Savage's rigid, Stannis Baratheon-esque enforcement of Bayon loyalty turned anyone who even contemplated dissent into a "diabolical" or "disgusting" schemer "with no morals". To be fair, Kimmi had the same reaction to Monica's vague hints that maybe the original Bayon Bros (Savage, Jeremy, Joe) weren't her ideal Final Three, but Savage is gone, and Jeremy has already admitted that maybe Joe's time is up, and Joe has expressed a desire to mix things up himself. Tasha may object to Bayon's dissolution herself, but at the very least, Jeremy and Stephen are now more free to make moves, as is Joe. Also, no matter how hilarious it would be if Kimmi teamed up with Tasha and the three Savage voters (Ciera, Kelley, and Abi) and formed a women's alliance, they are all now perfectly free to do so. As dull as predictable as the post-merge strategy has thus far been, could Game On finally be happening? Or is it just Malcolm and the Three Amigos taking down Phillip? Let's hope it's the former.
History unfolding before our very eyes
Kelley's idol play not only flipped the game on its head and vaulted her to the top of the Survivometer, it also set a number of records, as did the episode as a whole.
The confounding conundrum of Ciera Eastin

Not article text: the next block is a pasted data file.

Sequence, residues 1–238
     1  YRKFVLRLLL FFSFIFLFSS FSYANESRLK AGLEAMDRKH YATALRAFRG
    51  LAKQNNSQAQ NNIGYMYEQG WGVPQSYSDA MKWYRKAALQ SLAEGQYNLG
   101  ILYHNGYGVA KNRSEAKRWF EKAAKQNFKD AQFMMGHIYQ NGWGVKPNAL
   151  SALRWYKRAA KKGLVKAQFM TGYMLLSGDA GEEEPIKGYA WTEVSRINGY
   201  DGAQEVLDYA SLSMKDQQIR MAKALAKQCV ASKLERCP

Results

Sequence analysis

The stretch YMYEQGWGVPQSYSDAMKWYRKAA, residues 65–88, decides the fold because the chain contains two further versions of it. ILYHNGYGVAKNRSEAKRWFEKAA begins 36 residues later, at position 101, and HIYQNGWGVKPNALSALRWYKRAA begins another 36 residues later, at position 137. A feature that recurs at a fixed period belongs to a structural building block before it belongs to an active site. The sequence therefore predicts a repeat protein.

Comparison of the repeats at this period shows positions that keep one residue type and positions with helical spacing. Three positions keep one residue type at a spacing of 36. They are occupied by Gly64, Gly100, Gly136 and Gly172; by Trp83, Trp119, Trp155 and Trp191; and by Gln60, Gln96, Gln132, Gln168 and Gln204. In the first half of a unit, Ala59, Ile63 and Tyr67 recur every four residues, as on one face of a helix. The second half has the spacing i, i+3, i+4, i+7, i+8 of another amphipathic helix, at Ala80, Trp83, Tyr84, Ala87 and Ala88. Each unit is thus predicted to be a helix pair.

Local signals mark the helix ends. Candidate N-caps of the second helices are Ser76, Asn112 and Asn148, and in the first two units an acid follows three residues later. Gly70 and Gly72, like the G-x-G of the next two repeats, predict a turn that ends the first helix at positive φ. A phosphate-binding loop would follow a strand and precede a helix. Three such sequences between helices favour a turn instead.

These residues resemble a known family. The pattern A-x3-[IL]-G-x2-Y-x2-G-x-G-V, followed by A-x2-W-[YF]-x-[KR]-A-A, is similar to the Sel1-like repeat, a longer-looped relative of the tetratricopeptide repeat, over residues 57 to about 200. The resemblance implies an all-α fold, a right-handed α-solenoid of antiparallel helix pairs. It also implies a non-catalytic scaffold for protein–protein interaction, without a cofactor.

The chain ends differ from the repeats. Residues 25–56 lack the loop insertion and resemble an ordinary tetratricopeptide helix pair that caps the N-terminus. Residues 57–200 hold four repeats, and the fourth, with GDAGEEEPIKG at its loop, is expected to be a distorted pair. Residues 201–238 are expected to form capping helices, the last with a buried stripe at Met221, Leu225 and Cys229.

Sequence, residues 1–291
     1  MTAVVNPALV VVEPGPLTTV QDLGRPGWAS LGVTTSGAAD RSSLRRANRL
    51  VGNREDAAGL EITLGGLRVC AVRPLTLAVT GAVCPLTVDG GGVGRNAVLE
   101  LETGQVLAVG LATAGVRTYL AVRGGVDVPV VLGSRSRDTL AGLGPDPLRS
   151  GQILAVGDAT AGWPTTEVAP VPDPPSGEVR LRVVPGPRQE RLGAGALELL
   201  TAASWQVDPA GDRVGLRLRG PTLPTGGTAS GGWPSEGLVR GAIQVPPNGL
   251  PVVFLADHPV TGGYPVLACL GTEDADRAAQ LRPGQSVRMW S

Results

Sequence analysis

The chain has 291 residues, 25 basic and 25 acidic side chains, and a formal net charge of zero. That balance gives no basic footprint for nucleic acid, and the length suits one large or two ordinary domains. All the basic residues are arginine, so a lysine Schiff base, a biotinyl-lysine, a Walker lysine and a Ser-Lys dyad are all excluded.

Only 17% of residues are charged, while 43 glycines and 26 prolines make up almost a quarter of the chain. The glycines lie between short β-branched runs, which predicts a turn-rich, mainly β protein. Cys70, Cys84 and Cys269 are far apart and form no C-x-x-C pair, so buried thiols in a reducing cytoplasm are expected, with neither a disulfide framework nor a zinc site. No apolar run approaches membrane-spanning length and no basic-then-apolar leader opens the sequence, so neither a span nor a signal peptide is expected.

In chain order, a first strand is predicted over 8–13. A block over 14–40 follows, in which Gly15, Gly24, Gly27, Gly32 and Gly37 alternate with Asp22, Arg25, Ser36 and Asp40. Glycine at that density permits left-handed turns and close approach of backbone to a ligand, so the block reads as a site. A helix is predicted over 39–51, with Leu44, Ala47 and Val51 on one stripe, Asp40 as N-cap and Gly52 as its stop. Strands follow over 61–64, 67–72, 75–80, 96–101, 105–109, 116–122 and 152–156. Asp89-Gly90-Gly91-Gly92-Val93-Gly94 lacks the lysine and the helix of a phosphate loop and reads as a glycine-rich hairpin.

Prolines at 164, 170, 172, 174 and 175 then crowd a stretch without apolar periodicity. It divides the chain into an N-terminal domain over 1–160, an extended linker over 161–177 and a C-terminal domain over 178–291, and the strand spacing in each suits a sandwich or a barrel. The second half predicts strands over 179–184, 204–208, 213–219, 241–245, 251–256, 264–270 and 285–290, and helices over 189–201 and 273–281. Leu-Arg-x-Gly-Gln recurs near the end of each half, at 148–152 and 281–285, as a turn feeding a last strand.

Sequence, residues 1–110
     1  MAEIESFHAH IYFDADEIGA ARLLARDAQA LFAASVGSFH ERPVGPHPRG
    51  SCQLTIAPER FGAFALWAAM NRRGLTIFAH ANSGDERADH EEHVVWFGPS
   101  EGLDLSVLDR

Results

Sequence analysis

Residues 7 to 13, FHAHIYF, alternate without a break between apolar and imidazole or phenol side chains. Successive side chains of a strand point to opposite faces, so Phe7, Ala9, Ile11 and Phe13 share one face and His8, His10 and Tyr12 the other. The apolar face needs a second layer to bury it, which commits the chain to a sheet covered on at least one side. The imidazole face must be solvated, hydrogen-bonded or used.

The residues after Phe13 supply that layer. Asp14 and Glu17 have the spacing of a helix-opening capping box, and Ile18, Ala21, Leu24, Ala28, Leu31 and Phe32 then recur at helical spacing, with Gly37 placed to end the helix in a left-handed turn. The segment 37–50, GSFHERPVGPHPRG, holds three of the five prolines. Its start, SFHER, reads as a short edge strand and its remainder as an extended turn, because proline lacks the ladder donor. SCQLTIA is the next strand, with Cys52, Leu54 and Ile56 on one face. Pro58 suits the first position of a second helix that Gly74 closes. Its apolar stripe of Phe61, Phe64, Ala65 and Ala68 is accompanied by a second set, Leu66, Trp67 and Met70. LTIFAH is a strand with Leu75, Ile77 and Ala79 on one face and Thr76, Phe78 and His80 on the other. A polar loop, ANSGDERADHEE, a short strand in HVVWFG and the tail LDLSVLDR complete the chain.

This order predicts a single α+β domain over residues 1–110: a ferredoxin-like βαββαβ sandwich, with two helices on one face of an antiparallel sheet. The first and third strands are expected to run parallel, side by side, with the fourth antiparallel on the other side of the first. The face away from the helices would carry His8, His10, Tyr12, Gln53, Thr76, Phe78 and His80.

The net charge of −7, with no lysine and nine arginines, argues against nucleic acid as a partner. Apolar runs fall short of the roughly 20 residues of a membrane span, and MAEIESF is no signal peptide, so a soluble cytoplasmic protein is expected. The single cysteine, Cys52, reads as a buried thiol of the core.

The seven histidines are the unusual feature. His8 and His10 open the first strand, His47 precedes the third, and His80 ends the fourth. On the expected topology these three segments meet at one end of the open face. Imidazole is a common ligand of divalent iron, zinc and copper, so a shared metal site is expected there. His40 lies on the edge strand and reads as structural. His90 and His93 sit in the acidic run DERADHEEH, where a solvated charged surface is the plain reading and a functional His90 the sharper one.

Ciera talks a good game. And she does not lack for effort in trying to harangue people into action at Tribal Council (this is what Caleb Bankston did to save her pre-merge, and Hayden Moss did to convince her to draw rocks post-merge in Blood vs. Water). But for all the talk of playing, there was very little actual gameplay on Ciera's first-season CV. In Blood vs. Water, she was a pre-merge non-entity who came into her own post-merge, albeit largely as a number for Tyson's alliance. Her sole Big Move résumé entry was tricking Katie Collins into revealing that Katie hadn't, in fact, found a hidden idol. This was impressive, but relatively minor, unless you count casting a throwaway vote for her mom, or letting Hayden cajole her into drawing rocks, a move that ultimately cemented the returnee alliance's dominance, and put Ciera in fifth place, rather than fourth.